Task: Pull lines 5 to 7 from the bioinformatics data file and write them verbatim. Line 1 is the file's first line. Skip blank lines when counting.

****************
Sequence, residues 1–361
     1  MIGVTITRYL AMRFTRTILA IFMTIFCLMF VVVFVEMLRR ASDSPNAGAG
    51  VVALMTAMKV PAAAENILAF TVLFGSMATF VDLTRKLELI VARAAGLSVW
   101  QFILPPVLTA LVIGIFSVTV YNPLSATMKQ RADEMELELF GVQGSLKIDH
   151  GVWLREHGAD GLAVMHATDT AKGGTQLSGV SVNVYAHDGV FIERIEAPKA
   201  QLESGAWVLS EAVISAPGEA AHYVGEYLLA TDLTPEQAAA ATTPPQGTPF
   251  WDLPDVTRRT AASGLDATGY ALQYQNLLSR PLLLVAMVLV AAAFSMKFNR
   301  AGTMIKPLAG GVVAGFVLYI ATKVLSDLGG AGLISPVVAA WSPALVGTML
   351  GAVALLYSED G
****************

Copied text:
   151  GVWLREHGAD GLAVMHATDT AKGGTQLSGV SVNVYAHDGV FIERIEAPKA
   201  QLESGAWVLS EAVISAPGEA AHYVGEYLLA TDLTPEQAAA ATTPPQGTPF
   251  WDLPDVTRRT AASGLDATGY ALQYQNLLSR PLLLVAMVLV AAAFSMKFNR